Woodwardia areolata (L.) T. Moore

netted chain fern

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New England Distribution

Adapted from BONAP data

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North America Distribution

Adapted from BONAP data

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Facts About

The veins on the underside of the fronds of netted chain fern are raised and form a net-like pattern. The sterile and fertile fronds are distinctively different.

Habitat

Bogs, meadows and fields, swamps, wetland margins (edges of wetlands)

Characteristics

Habitat
wetlands
New England state
  • Connecticut
  • Maine
  • Massachusetts
  • New Hampshire
  • Rhode Island
Leaf divisions
  • the leaf blade is compound (divided into leaflets)
  • the leaf blade is lobed
Plant growth form
the leaves grow from a rhizome growing at or below the ground
Spore-bearing leaflets
the spore-bearing fronds are dramatically different from the sterile fronds
Sorus shape
the sori are long and narrow, and straight
Leaf stalk scales
the leaf stalk has scales
Leaf stalk hairs
there are no hairs on the leaf stalk
Leaf blade length
13–27 cm
Leaf vein tips
  • the veins end in small round expanded areas, and do not reach the edge of the leaf blade
  • the veins go all the way to the edge of the leaf blade
Show All Characteristics
  • Growth form
    Life form
    the plant is herbaceous and terrestrial
    Life stage
    the plant is visible as a typical leaf-bearing fern (sporophyte)
    Spore-bearing leaflets
    the spore-bearing fronds are dramatically different from the sterile fronds
  • Leaves
    Features of leaves
    there are no special features on the leaves
    Leaf blade length
    13–27 cm
    Leaf blade shape
    the leaf blades are widest above the base, then taper narrowly towards the tip (lanceolate)
    Leaf blade width
    At least 6 cm
    Leaf divisions
    • the leaf blade is compound (divided into leaflets)
    • the leaf blade is lobed
    Leaf lifespan
    the leaves drop off in winter
    Leaf stalk color
    yellow to brown
    Leaf stalk hairs
    there are no hairs on the leaf stalk
    Leaf stalk length
    37–486 mm
    Leaf stalk relative length
    the leaf stalk is more than three quarters as long as the blade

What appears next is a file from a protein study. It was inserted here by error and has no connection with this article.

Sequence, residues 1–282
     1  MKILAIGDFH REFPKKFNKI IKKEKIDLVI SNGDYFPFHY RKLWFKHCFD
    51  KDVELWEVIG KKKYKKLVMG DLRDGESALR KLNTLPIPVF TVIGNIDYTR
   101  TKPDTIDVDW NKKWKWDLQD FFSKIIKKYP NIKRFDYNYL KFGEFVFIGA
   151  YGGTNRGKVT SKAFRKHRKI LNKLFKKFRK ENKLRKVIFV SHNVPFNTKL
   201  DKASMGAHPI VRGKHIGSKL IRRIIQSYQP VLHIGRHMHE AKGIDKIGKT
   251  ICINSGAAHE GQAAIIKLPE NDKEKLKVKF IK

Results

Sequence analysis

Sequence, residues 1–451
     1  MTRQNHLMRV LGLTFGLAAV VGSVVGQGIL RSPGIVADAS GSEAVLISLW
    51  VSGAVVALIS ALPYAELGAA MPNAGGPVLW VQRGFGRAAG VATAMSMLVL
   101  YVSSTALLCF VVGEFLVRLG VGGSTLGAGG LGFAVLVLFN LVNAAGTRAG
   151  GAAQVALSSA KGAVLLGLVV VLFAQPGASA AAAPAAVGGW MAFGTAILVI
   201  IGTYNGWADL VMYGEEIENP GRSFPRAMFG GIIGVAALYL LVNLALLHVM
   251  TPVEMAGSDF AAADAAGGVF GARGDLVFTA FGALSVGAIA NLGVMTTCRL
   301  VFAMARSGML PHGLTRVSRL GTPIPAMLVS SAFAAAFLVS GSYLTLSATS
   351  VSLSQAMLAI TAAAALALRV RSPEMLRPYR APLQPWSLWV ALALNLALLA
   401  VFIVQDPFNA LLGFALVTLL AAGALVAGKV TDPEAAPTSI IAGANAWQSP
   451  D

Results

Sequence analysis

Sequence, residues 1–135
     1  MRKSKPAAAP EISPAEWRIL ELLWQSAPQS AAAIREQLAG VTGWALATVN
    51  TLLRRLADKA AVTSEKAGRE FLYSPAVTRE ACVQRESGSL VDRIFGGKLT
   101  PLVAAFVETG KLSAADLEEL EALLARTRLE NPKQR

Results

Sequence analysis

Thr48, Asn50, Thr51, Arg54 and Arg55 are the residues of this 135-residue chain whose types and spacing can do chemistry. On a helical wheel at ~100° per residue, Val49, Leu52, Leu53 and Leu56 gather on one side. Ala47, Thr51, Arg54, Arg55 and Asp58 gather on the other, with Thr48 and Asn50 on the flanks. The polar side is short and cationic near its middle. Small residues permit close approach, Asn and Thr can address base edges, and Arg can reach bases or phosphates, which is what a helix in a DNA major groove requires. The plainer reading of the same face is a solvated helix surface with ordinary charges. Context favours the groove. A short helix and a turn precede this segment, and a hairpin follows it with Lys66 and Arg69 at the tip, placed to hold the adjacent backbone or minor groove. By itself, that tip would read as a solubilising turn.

Leaf stalk scale location
    the scales are present on both the lower and upper halves of the leaf stalk
    Leaf stalk scales
    the leaf stalk has scales
    Leaf stalk vessels
    2 bundles
    Leaf vein branching
    the secondary veins of the leaf blade split and rejoin to form a netlike pattern
    Leaf vein tips
    • the veins end in small round expanded areas, and do not reach the edge of the leaf blade
    • the veins go all the way to the edge of the leaf blade
    Leaflet relative size
    the bottom leaflets are about half as long as, to slightly longer than, the leaflets from the middle of the frond
    Leaflet stalks
    the leaflets do not have stalks
    Lobe or leaflet length
    30–110 mm
    Lobe or leaflet pairs
    7–12
    Lobe or leaflet shape
    • the lobe or leaflet is extremely narrow, thread-like
    • the lobe or leaflet is widest below the middle and tapering at both ends; lance-shaped
    Lobe or leaflet width
    2–25 mm
    Plant growth form
    the leaves grow from a rhizome growing at or below the ground
    final leaf segment margin
    the topmost lobe or leaflet of the leaf blade has an edge with teeth
  • Place
    Habitat
    wetlands
    New England state
    • Connecticut
    • Maine
    • Massachusetts
    • New Hampshire
    • Rhode Island
    Specific habitat
    • bogs
    • edges of wetlands
    • meadows or fields
    • swamps
  • Spores or spore cones
    Sorus features
    there are no special features on the sorus
    Sorus shape
    the sori are long and narrow, and straight
    Sporangia location
    the spores are clustered on sori on the lower surface of the leaf blade
    Sporangium type
    the sporangia are opaque without an annulus and usually without a stalk (leptosporangiate)
    Spore forms
    there is only one type of spore present

Wetland Status

Occurs only in wetlands. (Wetland indicator code: OBL)

New England Distribution and Conservation Status

Distribution

Connecticut
present
Maine
present
Massachusetts
present
New Hampshire
present
Rhode Island
present
Vermont
absent

Conservation Status

Exact status definitions can vary from state to state. For details, please check with your state.

Maine
historical (S-rank: SH), potentially extirpated (code: PE)
Massachusetts
unranked (S-rank: SNR)
New Hampshire
extremely rare (S-rank: S1), endangered (code: E)

Native to North America?

Yes

Sometimes Confused With

Onoclea sensibilis:
vegetative leaves with leaf lobe margins entire to undulate and with a pale, marginal membrane (vs. W. areolata, with vegetative leaves with leaf lobe margins minutely toothed and lacking a pale, marginal membrane).

Synonyms

  • Acrostichum areolatum L.
  • Lorinseria areolata (L.) K. Presl, an illegitimate name
  • Woodwardia onocleoides Willd.

Family

Blechnaceae

Genus

Woodwardia

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